How to make your child 'fit' for failure

Kinderling News & Features

Raising kids to navigate life without teaching them how to fail is as damaging as not teaching them to read and write.   

So says paediatrician and author Laura Jana, who told Feed Play Love host Shevonne Hunt that the best way to prepare our little ones for real life is to show them early on that life is not perfect and nobody expects them to be. 

She calls it being 'fit for failure'. 

“Failure is one of the most important skills. We see it all over big business now, where instead of wanting to know all your successes, you're asked what do you do when you fail,” says Laura. 

“Part of the thinking behind that is because information is so readily available these days, it is easier to find the answers to your questions. But to innovate - think ahead of the pack - you need to be able to deal with failure.”

A hard pill to swallow 

Looking at your little one now, it can be a hard lesson to acknowledge. When you watch them fall off their bike or lose a favourite toy, as parents we feel our child's pain and mostly want to take it away from them.

But it's these moments, Laura argues, that are pivotal in teaching them how to deal with failure and loss and crucially, how to get back up again. 

“Part of this process is acknowledging the emotion your child is experiencing, but understand that you don't need to solve it or patch it over,” says Laura.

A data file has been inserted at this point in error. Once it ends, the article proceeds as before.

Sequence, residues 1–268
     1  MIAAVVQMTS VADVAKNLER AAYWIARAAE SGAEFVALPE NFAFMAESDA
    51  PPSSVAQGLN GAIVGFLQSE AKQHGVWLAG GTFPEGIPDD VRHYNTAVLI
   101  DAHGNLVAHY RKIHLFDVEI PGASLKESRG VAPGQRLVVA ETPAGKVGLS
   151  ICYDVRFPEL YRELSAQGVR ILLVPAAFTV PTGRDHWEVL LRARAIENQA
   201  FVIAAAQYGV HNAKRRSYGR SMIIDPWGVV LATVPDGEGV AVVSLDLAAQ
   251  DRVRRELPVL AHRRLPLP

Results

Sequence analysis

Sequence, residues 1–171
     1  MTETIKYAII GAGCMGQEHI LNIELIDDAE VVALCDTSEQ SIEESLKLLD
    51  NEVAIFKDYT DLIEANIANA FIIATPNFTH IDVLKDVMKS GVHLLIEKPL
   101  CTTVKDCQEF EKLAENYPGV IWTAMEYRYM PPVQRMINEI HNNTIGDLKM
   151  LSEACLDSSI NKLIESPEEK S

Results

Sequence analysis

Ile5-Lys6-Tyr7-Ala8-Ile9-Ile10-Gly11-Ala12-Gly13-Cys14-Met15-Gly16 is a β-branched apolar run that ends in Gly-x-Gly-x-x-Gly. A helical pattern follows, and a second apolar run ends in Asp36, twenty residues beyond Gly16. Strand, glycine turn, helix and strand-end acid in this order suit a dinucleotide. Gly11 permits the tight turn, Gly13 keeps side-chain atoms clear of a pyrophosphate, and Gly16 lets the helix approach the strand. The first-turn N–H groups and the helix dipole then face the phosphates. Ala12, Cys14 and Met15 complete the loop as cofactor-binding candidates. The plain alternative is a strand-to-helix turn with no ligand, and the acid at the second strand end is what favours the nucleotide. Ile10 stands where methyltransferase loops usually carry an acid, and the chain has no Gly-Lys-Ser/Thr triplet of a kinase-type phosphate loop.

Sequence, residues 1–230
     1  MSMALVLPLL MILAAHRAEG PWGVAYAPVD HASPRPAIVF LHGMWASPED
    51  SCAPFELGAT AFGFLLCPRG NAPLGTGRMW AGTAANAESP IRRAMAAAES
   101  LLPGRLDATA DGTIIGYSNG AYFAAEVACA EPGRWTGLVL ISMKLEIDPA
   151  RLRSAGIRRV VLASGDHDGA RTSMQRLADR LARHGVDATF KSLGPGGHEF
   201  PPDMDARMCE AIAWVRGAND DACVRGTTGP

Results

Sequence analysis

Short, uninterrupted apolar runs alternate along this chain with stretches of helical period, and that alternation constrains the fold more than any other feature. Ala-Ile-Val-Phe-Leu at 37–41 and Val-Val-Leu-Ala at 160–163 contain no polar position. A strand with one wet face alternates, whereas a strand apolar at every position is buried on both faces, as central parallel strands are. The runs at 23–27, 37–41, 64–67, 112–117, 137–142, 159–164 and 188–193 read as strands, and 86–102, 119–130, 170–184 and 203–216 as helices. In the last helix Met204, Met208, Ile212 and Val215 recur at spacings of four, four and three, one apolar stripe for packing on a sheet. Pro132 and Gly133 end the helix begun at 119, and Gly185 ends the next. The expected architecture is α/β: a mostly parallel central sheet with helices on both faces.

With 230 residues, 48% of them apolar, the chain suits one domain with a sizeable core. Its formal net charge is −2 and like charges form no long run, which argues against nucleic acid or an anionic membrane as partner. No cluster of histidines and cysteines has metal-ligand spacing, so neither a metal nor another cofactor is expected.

Stick to the big picture

This mindset takes practice and commitment. 

“It’s easy to get buried in the day to day of parenting, but you need to keep it in perspective," Laura explains. "You don't want your child to feel every minor loss or failure - it's devastating to watch. But you don't want your child to grow up to be someone who quits their job the first time their boss reprimands them.

“Somehow we have to get them from a place of acknowledgement of their failure (like a lost toy), and [show them] how to get up again and move forward." 

Teach them to 'fail forward'

Letting kids fail doesn't mean getting rid of safe things - or deliberately setting them up for failure.

“We need to teach them to 'fail forward'; that’s a phrase used by executives in Silicon Valley to inspire resilience. We need to let our kids have the fail moments in the first place, then we can teach them how to keep moving forward.”

Laura likens the process to teaching our toddlers to walk. 

“We set up safe spaces for them while they’re learning. But we still expect them to fall. And when they do, we pick them up and dust them off and send them on their way.”

Shift your perspective

Wanting the best for your child does not mean giving them everything and protecting them from everything.

“Day to day it’s tough to watch your child fail, but you need to think to yourself as a parent that it’s a whole lot tougher if you don’t teach them how to deal with that,” Laura says. 

"The goal is to give them a strategy for life, and that strategy is not YOU solving every little problem for them.”